Knowledge precedes comprehension.
Unfortunately, all too often we stop trying before getting to step two.
Instead, we just make stuff up.
It’s how we get gods who throw thunderbolts and roil the sea, beasts that steal children and alien abduction, demonic possession and angelic intervention, conspiracy theories and hidden agendas.
Because knowing is easier than not knowing.
Confidence is more comfortable than uncertainty.
Blame is more convenient than taking responsibility.
Anger is more satisfying than compassion.
Having an explanation for things, knowing something for certain, even if it is demonstrably wrong, helps us cope.
Of course there are times—most times in my estimation—there are things that are incomprehensible.
There are things we know, things we think we know, things we know we don’t know and the things we don’t know we don’t know. For me, it seems, the longer I’m around, the more I learn, the less I truly know.
If I think about knowledge and comprehension as a pie, there’s this tiny sliver that represents the things I know, a slightly larger slice for the things I think I know, slightly larger again for things I know I don’t know and a vast overwhelming chunk representing the things I don’t know I don’t know.
As the tiny sliver grows, it doesn’t take up more of the pie, it just expands the entire pie (which makes it feel like it’s actually shrinking).
I tend to spiral into these philosophical whirlpools particularly at this time of year. It often seems kind of arbitrary. After all, January 1 is just the next day after December 31. Another year is simply a continuation of the old one. Life proceeds inexorably toward death with no regard for human inventions such as clocks and calendars.
Compartmentalizing life into discreet units of time—minutes, hours, days, weeks, months—creates order from the chaos. It helps us cope with the fact nothing is certain or permanent.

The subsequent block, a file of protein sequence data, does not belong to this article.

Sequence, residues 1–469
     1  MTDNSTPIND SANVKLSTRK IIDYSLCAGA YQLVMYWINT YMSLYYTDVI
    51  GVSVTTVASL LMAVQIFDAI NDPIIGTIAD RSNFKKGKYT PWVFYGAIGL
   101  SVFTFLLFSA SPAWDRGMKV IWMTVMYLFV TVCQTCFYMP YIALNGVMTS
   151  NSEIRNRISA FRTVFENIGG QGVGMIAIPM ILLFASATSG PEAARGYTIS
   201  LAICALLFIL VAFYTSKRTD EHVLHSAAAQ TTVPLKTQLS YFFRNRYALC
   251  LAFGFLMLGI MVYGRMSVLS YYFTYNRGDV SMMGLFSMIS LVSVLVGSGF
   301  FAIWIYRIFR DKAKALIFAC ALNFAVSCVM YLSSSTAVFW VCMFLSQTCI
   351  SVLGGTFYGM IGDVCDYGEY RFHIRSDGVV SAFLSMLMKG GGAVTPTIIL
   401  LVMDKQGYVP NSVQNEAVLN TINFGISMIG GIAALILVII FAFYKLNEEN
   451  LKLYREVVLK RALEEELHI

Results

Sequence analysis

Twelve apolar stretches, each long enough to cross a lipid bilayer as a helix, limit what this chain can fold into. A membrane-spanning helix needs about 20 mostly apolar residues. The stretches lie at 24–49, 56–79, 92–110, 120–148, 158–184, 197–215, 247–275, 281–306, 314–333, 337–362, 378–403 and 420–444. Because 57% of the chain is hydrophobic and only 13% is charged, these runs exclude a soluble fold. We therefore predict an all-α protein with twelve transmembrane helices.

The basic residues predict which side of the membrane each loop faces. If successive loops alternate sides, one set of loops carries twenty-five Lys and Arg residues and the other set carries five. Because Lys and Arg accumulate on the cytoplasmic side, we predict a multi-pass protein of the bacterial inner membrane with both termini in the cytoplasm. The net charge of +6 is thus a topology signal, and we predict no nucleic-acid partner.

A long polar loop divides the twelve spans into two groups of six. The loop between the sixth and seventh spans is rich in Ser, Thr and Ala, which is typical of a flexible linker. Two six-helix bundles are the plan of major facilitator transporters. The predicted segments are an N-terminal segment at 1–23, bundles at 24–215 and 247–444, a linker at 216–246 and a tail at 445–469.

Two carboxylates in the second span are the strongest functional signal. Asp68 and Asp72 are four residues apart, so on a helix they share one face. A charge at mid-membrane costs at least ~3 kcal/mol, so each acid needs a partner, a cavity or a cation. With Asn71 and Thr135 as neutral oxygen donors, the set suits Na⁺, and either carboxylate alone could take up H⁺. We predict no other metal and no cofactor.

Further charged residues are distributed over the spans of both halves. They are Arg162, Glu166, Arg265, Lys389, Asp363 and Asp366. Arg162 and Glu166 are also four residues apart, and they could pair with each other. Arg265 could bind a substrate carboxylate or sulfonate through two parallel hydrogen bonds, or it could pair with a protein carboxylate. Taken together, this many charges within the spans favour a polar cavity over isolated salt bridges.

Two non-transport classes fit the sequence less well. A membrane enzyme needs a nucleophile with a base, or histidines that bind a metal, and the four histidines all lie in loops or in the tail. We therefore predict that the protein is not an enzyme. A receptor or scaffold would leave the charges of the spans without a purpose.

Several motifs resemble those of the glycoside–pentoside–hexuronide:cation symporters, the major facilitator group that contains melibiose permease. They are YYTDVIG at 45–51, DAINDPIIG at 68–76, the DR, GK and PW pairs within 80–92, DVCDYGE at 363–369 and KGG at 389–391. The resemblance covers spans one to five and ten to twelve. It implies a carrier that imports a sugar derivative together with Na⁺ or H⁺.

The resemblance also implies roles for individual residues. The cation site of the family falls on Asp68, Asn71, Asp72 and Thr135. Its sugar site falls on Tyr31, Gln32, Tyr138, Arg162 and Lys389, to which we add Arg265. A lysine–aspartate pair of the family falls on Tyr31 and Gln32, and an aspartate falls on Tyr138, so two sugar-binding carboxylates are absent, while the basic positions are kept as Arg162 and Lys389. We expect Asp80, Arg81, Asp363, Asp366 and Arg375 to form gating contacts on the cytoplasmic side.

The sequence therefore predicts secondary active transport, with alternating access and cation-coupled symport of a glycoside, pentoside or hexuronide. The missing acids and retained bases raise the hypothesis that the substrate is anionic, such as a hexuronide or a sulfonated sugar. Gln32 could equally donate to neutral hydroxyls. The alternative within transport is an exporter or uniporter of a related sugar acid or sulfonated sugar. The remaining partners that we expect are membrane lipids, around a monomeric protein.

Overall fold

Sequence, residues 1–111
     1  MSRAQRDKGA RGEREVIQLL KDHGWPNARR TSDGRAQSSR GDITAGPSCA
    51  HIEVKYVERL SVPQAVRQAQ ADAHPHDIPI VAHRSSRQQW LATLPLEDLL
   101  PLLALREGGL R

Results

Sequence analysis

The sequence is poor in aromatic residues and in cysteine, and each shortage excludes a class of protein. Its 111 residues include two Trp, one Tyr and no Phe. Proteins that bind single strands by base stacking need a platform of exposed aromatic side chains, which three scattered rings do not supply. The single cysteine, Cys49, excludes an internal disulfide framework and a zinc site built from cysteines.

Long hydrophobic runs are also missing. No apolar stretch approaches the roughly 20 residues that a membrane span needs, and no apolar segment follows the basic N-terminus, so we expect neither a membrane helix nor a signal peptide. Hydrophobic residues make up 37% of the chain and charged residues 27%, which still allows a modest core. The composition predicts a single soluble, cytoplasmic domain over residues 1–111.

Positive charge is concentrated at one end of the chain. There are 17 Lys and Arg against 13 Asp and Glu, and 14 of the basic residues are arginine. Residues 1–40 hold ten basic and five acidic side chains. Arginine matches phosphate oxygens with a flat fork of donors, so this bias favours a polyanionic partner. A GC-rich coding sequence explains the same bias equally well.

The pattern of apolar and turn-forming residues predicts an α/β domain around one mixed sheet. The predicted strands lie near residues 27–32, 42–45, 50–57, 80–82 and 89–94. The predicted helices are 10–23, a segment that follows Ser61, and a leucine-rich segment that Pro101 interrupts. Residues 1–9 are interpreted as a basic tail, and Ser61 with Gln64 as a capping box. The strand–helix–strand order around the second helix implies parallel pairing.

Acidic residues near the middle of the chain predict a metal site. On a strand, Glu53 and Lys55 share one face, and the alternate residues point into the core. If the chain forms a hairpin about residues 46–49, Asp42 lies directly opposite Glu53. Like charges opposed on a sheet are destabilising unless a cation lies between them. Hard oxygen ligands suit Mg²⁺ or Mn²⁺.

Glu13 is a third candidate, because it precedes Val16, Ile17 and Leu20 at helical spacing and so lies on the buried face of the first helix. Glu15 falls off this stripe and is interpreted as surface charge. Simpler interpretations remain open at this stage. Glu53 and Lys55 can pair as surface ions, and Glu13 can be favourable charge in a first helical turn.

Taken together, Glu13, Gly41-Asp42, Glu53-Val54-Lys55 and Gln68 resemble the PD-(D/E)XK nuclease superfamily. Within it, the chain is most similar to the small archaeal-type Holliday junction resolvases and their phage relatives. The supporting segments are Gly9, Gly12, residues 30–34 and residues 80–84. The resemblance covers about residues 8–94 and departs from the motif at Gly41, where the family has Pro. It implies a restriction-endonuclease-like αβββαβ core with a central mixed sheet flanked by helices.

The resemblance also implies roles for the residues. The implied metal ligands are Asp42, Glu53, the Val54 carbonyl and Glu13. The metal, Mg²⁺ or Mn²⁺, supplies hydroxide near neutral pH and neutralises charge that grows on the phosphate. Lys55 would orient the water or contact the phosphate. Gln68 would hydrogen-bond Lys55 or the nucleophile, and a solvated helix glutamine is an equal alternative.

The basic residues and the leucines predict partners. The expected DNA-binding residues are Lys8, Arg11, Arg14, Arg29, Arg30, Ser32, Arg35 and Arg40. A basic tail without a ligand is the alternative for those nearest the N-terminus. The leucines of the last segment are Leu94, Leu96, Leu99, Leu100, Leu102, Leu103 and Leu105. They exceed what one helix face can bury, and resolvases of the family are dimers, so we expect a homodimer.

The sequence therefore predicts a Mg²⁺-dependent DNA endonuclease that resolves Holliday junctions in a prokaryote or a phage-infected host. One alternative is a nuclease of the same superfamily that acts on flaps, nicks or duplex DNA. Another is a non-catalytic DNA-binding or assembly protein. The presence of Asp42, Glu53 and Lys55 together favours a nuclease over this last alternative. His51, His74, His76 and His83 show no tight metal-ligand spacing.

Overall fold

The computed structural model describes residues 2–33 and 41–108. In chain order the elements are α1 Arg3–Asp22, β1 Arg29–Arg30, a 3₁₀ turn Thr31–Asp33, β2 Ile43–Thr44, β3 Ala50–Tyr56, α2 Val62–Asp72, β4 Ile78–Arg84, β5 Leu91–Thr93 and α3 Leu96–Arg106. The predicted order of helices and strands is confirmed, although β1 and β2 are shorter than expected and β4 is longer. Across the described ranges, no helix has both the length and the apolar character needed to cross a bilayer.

The New Year tends to bring on bouts of reflection. It’s a combination, I think, of downtime, the absurdity of the rampant consumerism and the age-old tradition of making resolutions.
As a rule, I generally don’t make New Year’s resolutions, but looking back over 2019, the best thing I heard this year was a quote from Mark Manson, author of The Subtle Art of Not Giving a F___.
“The desire for more positive experience is itself a negative experience. And, paradoxically, the acceptance of one’s negative experience is itself a positive experience.
One thing you find in the newspaper business, particularly in the age of social media, is there are a lot of angry, bitter, anxious and/or fearful people in the world.
One thing I know for certain is my life is infinitely better when I am not angry, bitter, anxious and/or fearful.
Another thing I know for certain is usually when I am experiencing those emotions it is because I am desiring a more positive experience I can’t have or not accepting a negative one I do have.
At the risk of making a resolution, I guess it would be to keep reminding myself: It’s OK not to know; it’s OK to be uncertain; it’s OK to take responsibility; it’s OK to be compassionate.